He led her into the garden. Amara breathed in the mingled scents of flowers. The mentors followed. When they reached a double line of massive columns, the pair sat on a bench.
Amara gawked. The towering columns resembled trees, plants and even flowers. They appeared to have risen from the ground as a single piece. How had the seamless carvings been accomplished?
Siti beckoned. “Come.”
Amara pointed to the figures seated next to some of the pillars. “Who are they?”
“Priests of Toth who spend hours copying the scrolls or writing letters, contracts and proclamations for others. Many leave here to serve in other temples or in towns and villages where they read and write for people who don’t have the skills.”
A cream colored dog strolled toward them. Amara had never seen such a graceful canine. The animal’s large eyes brimmed with intelligence. The dog reached her side and sat. She touched the smooth and silky coat. “Who are you?” she asked.
“Toth Ka, the avatar of the got,” the priest said.
With a flurry of wings a huge brown and gold hawk landed beside the canine. A gray cat appeared. “What are they?”
Siti smiled. “The hawk Is Horu Ka and the cat Bast Ka. They have come to welcome you and to bestow the blessings of the Three in you.”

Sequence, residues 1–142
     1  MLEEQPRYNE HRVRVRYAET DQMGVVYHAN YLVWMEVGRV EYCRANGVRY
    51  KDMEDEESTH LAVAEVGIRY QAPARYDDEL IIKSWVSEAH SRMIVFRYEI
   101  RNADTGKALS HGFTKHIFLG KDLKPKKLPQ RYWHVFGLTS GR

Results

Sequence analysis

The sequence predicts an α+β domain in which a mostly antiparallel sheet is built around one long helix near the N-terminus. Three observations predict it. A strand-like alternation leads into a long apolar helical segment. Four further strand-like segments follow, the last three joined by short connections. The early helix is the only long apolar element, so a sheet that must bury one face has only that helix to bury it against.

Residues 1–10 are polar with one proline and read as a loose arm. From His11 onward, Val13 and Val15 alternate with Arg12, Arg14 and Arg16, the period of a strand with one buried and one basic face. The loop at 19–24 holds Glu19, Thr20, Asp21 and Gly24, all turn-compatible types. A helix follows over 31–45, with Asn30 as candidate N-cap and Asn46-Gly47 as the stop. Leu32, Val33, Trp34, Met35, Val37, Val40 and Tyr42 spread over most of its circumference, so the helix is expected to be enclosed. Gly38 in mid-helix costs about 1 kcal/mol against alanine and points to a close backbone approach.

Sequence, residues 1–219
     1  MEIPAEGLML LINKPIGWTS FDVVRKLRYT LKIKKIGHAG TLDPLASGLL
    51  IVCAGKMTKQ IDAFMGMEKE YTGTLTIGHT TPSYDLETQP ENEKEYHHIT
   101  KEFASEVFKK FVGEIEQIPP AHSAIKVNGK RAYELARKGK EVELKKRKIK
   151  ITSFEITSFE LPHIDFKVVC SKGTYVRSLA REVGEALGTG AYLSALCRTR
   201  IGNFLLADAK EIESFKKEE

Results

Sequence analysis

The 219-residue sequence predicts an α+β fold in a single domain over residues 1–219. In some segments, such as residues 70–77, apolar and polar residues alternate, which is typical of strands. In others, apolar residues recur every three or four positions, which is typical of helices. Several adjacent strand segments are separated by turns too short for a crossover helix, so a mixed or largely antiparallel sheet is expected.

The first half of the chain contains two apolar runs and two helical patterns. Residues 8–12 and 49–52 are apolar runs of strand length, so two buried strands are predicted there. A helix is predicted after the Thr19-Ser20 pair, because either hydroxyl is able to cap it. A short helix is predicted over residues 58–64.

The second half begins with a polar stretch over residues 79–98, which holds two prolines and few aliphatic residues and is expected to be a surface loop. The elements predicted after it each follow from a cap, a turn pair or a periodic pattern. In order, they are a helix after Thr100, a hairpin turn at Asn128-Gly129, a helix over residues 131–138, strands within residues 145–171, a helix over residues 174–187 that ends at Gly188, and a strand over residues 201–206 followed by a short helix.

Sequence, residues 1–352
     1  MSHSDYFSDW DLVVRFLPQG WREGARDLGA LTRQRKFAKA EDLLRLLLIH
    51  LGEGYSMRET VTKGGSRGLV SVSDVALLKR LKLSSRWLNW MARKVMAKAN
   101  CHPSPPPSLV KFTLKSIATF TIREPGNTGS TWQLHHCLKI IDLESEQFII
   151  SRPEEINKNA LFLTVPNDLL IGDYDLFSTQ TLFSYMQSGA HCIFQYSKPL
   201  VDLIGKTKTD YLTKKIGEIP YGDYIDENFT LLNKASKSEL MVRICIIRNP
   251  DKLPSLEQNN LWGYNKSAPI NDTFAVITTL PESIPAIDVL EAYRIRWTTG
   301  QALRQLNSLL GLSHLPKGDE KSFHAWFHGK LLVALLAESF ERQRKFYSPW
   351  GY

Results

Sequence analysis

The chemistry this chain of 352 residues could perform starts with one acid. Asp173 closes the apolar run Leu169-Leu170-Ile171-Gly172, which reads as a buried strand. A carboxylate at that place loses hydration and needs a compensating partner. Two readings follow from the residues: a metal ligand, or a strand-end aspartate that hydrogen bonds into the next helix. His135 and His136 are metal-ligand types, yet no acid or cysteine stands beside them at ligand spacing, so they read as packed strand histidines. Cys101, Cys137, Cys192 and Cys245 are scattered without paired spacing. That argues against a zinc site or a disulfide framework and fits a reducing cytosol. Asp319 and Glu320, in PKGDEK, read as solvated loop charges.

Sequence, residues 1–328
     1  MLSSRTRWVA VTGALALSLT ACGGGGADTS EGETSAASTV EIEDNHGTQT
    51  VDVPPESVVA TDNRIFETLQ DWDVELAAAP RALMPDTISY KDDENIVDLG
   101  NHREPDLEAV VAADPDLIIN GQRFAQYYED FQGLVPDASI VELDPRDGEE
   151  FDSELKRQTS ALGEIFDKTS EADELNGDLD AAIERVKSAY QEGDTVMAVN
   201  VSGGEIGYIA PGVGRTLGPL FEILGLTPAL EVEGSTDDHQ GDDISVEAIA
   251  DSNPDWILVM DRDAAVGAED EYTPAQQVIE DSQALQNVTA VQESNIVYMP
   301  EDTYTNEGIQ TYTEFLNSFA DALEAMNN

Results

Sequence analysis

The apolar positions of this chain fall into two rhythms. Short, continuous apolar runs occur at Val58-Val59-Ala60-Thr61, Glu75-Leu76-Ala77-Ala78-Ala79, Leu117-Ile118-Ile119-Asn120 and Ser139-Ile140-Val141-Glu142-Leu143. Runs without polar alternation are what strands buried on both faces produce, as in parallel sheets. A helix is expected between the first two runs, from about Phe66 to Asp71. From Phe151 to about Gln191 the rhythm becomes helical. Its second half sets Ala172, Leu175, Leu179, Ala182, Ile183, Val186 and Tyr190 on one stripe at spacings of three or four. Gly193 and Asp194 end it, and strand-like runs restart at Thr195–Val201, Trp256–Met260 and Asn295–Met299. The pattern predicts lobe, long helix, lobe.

A frown creased Amara’s forehead. Did he mean they were sacred animals or something more? Confusion filled her thoughts. All in this place was new and strange. Though the cat and the hawk were familiar, the dog was new to her.
“What is the dog’s breed?” she asked.
“A saluki. His entire breed is honored by the priests of Toth for they are ----- hounds. Toth Ka is more.”
Though curious, se didn’t ask what made this one special. There was too much to learn and to understand.
The dog licked her fingers. The hawk took flight and landed above a distant doorway. With feline grace the can moved toward the dark space. The saluki walked at Amara’s side along the stone path.
Her companions vanished. Amara halted in the wide doorway. Aromatic scents from lit torches revealed statues at the rear of the long narrow room. Two men and a woman stood behind a long table. Their heads were those of the animals Siti called avatars. She stepped closer and realized the three were statues.